Bridges are often considered to belong to the realm of the engineer rather than that of the architect. But the architecture of infrastructure has a powerful impact on the environment and the Millau Viaduct, designed in close collaboration with structural engineers, illustrates how the architect can play an integral role in the design of bridges. It follows the Millennium Bridge over the River Thames in expressing a fascination with the relationship between function, technology and aesthetics in a graceful structural form.
Located in southern France, the bridge completes a hitherto missing link in the A75 autoroute from Clermont-Ferrand to Béziers across the Massif Central. The A75 now provides a direct, high-speed route from Paris to the Mediterranean coast and on to Barcelona. The bridge crosses the River Tarn, which runs through a spectacular gorge between two high plateaux. Interestingly, alternative readings of the topography suggested two possible structural approaches: to celebrate the act of crossing the river; or to articulate the challenge of spanning the 2.46 kilometres from one plateau to the other in the most economical and elegant manner. Although historically the river was the geological generator of the landscape, it is very narrow at this point, and so it was the second reading that suggested the most appropriate structural solution.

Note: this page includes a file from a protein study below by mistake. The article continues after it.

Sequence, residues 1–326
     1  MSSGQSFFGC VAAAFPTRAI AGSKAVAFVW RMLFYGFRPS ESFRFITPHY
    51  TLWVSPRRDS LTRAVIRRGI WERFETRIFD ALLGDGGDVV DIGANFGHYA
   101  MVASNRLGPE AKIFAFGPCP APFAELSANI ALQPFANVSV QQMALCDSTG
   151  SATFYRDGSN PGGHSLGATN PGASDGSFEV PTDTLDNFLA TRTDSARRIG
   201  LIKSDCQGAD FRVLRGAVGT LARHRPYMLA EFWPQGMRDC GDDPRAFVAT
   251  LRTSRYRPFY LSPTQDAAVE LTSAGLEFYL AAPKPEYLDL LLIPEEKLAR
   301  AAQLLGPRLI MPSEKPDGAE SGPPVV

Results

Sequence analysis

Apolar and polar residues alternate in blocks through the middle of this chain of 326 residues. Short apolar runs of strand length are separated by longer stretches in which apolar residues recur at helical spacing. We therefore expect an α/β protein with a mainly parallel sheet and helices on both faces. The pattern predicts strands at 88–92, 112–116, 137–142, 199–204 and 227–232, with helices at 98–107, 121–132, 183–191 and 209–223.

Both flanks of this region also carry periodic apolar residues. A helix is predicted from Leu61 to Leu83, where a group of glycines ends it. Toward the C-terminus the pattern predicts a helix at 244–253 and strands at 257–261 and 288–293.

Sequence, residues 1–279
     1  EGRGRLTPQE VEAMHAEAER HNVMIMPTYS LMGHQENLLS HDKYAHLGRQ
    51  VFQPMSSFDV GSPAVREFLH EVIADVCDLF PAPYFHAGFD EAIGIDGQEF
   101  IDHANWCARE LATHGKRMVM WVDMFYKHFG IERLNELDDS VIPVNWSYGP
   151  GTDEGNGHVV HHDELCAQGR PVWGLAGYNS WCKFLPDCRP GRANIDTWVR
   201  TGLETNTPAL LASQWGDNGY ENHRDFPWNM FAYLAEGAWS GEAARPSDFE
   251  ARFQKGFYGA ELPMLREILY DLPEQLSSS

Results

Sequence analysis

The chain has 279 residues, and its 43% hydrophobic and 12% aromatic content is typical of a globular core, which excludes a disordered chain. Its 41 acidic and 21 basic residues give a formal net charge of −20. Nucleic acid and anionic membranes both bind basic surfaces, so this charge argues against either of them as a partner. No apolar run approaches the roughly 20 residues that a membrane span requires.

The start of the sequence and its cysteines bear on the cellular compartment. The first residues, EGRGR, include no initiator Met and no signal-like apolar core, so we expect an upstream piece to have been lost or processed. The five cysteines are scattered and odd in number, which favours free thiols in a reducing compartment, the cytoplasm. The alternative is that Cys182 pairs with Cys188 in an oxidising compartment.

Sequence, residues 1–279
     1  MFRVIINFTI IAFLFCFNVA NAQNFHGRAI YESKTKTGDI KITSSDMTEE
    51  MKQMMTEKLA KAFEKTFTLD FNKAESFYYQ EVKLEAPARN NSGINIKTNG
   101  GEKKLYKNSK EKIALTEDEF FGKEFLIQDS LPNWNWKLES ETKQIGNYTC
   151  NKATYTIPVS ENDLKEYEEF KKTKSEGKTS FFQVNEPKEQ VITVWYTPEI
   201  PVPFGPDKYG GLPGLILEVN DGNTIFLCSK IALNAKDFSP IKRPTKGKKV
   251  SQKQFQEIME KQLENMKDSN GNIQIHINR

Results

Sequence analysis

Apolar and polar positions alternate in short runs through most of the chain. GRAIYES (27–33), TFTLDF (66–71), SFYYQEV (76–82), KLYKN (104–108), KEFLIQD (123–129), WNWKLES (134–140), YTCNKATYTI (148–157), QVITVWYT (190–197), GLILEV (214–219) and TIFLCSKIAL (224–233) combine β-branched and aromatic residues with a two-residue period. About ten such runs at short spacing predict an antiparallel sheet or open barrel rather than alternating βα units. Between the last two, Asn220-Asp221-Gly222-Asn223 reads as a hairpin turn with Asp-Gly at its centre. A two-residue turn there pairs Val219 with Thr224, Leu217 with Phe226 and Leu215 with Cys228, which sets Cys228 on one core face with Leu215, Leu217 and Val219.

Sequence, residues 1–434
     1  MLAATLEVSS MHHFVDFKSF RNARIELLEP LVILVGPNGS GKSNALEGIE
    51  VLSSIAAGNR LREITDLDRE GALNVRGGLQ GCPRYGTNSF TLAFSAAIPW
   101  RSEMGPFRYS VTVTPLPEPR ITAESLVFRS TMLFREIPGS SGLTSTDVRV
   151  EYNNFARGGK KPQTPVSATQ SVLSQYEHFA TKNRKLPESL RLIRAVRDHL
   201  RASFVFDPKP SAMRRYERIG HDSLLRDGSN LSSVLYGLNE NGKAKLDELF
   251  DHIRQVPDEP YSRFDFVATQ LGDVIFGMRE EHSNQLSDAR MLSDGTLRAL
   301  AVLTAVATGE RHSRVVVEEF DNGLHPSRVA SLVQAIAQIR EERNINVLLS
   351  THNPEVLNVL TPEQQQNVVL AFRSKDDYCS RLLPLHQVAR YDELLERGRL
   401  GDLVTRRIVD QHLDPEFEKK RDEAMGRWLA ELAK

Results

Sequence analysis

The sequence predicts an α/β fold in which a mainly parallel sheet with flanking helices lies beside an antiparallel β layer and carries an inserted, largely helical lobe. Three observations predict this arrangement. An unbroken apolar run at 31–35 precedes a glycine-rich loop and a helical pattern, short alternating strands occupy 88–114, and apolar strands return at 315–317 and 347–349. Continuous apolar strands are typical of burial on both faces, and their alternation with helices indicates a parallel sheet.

A cable-stayed, masted structure, the bridge is delicate, transparent, and has the optimum span between columns. Its construction broke several records: it has the highest pylons in the world, the highest road bridge deck in Europe, and it superceded the Eiffel Tower as the tallest structure in France. Each of its sections spans 342 metres and its piers range in height from 75 metres to 245 metres, with the masts rising a further 87 metres above the road deck. To accommodate the expansion and contraction of the concrete deck, each column splits into two thinner, more flexible columns below the roadway, forming an A-frame above deck level. The tapered form of the columns both expresses their structural loads and minimises their profile in elevation. Not only does this give the bridge a dramatic silhouette, but crucially, it also makes the minimum intervention in the landscape.